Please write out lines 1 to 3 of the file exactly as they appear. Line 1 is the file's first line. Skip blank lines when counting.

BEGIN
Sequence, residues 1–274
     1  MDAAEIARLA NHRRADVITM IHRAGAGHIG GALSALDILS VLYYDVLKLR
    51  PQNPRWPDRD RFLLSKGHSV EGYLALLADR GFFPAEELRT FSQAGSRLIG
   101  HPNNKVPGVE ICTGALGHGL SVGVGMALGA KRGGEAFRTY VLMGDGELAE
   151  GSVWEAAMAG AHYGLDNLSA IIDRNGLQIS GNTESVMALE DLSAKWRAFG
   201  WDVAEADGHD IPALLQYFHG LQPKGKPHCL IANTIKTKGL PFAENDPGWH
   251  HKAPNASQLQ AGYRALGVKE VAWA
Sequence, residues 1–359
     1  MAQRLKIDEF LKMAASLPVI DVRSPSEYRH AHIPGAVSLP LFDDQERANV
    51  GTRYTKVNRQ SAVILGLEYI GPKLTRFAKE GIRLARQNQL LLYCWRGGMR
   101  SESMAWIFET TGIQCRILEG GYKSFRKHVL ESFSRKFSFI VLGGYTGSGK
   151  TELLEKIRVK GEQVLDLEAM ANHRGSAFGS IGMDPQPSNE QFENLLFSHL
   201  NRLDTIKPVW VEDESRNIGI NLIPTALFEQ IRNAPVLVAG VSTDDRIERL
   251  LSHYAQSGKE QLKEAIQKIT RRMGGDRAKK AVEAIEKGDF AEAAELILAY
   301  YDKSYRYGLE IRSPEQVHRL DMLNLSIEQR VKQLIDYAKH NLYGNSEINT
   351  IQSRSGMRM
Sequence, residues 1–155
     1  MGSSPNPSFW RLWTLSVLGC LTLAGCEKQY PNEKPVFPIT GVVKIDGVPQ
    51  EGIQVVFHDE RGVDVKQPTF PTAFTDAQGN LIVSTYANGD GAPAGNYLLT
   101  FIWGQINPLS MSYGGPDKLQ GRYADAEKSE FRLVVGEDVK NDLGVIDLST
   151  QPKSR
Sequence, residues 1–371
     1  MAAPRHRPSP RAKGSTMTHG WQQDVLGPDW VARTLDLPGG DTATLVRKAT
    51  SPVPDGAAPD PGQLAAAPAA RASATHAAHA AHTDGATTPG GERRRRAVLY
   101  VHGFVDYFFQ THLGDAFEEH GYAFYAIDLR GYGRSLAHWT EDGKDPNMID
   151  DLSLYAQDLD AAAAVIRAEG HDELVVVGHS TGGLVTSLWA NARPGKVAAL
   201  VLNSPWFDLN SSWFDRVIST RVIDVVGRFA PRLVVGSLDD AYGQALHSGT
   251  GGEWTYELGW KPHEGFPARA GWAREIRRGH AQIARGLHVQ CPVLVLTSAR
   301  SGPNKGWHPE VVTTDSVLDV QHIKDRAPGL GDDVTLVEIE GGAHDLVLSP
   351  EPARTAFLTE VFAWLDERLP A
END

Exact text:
Sequence, residues 1–274
     1  MDAAEIARLA NHRRADVITM IHRAGAGHIG GALSALDILS VLYYDVLKLR
    51  PQNPRWPDRD RFLLSKGHSV EGYLALLADR GFFPAEELRT FSQAGSRLIG